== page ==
Despite promised for good governance with due regard and respect to the Rule of Law now it is learned that Ranil Wickramasinghe administration has blatantly violated its own promises and resorted to interfere with number of major customs revenue fraud investigations, where the value of the subject matter running into hundreds of millions of rupees.
Watchdog for Social Justice can reveal that this abuse of power by the new regime, has effectively forced the Customs Officers, who suffered heavily under the previous administration and longed for Rule of Law under the new administration, to suspend the investigation into number of major revenue frauds.
Strict orders to stop enforcement action during 100-day ‘sensitive period’
- Suspension of Prima Flour Mills revenue fraud
This is a case detected by the Central Investigation Bureau of the Customs Department, within days after the new Sirisena administration was elected to office.
Watchdog for Social Justice can boldly reveal that the Director General of Customs Jagath Wijeweera, a subdued man carried out all unlawful orders of MR regime, has directed the officers conducting this investigation ‘to initiate no further revenue fraud investigations during the sensitive period of 100 days’. The officers have also been directed to abandon the investigation already initiated against the Prima Flour Mill, the suspect company alleged to have evaded the payment of several hundred million of customs levies.
- Canwell Logistics Lanka Ltd – 176 million rupee copper scam
This is another case being inquired into by the Customs Revenue Fraud preventive Directorate under the supervision of the Chief Assistant Preventive Officer, Sudath Silva. In this case the suspect company involved is Canwell Logistics Lanka Ltd, and the value of the production (11 container loads of Copper scrap declared for Customs purposes as Plastic Hangers) is over 176 million rupees. The person who has a financial interest in this case is described as Ravi Wettasinghe, a very closed associate of Wickeramasinghe administration.
It is learned that on 13th February 2015 (last Friday) the Director General of Customs, Wijeweera has summoned all three officers involved in conducting of the Customs Inquiry (Case No PREV/FPO/261/2014), namely the Inquiring Officer Mr M Ravindrakumar, the Prosecuting Officer, Mr Sudaththa Silva and the Chief Investigating Officer Mr Sudath Silva before him and given strict instructions to conclude the inquiry without invoking the provisions for mitigation as provided by the Customs Ordinance (Section 163 of Customs Ordinance) against the suspect. The officers allege that this direction clear amounts to abuse of office by the DGC who apparently intends to misuse the provision of the Section 163 to release the production together with the mitigation of the forfeiture of the goods and further forfeiture that the suspect company could be imposed at the conclusion of the inquiry.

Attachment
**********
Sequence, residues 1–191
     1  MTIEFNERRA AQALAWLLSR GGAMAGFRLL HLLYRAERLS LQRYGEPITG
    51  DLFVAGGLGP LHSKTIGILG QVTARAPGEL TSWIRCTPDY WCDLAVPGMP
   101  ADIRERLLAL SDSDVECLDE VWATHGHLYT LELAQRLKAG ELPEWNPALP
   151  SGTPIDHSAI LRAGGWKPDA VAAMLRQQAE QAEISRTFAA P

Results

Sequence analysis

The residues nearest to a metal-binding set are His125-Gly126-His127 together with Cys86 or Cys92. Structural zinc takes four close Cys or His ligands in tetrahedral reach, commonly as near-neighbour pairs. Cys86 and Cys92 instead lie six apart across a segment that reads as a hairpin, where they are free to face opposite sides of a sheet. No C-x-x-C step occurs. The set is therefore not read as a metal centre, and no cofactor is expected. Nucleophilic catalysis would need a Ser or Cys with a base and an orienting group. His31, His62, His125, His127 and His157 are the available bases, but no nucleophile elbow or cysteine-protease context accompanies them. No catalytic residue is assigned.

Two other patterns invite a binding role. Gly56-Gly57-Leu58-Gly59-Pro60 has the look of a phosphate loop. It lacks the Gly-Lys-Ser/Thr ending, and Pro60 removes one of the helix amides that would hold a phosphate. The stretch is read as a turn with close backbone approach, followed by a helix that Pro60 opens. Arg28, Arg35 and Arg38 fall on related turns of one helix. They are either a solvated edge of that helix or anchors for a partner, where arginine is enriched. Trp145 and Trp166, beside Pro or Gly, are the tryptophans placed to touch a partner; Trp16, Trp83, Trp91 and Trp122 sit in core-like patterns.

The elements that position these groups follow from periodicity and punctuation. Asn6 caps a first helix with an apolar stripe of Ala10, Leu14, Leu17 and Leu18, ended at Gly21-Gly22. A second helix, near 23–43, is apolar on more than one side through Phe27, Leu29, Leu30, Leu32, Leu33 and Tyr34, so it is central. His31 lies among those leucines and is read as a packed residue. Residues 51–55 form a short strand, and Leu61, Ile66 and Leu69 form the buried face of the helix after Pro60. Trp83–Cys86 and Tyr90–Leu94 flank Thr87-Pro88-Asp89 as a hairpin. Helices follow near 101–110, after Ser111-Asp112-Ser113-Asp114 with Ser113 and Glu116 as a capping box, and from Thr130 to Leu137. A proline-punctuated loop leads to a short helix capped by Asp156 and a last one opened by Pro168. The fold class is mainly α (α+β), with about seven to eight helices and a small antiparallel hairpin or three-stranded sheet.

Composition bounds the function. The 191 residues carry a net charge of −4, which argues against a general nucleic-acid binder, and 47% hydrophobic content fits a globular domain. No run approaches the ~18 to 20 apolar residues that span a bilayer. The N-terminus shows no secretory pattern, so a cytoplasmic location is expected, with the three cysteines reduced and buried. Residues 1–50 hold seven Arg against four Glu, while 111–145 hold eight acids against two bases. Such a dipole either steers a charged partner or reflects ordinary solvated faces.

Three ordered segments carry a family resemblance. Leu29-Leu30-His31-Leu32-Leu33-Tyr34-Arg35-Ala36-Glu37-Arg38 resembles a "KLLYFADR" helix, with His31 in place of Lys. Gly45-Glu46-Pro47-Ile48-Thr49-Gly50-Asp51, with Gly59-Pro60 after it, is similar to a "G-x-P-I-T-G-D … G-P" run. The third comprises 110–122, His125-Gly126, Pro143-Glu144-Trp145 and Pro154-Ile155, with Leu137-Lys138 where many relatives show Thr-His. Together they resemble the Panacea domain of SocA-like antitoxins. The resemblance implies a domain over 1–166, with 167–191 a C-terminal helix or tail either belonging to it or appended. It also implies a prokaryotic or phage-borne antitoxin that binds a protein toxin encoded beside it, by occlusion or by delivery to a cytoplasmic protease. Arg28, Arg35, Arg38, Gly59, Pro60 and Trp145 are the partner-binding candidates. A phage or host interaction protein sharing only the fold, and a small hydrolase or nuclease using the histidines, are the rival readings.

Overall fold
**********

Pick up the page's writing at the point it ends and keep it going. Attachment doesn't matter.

Take right initiative to enact Public Interest Disclosure Law
In this backdrop, particularly in a era where the new administration has decisively assured to the people that it would restore the Rule of Law, the officers of Customs believe that this is the most opportune time to demand the enactment of a Public Interest Disclosure Law, along side the Freedom of Information Act, affording the officers to expose the names of those who abuse public office for improper purposes, in the public interest.
All leading democracies recognise the Public Interest Disclose Laws
This is not a new phenomenon in the modern world. Even India has enacted Public Interest Disclosure Act in 2011, with adequate safeguards to protect the whistle-blowers with an adequate legal protection to expose the corrupt elements through the media that represents the voice of the people, considered to be the 4th pillar in democratic governance.
In the UK, Public Interest Disclosure Act was enacted in 1998. It provides legal protection to all public officials likely to victimize by employers for “blowing the whistle” about wrongdoing at work. The peace of legislation which has been described as the most far-reaching “whistle blowing” legislation in the world, provides clear protection to the officials who are dismissed or subjected to any form of persecution for making certain categories of disclosure which includes disclosure of information concerning all forms of abuses such as commission of criminal offences, breaches of legal obligation, miscarriages of justice, health and safety dangers, environmental risk or any “cover-ups” relating to these matters including public finance.
If disclosure is made through the media, where the matter is exceptionally serious and not raised in the workplace because of fear of victimisation for exposure of cover-up, or where the matter was pursued internally or with a prescribed body but not dealt with properly according to law then the such disclosures are duly protected under this law.
Further where a worker has made a protected disclosure and is either dismissed or subjected to any other form of abuse or persecution including a constructive dismissal by his or her employer as a result of the disclosure, the employer’s action will be treated unlawful and the worker would be paid compensation if subjected to any form of abuse including reinstatement.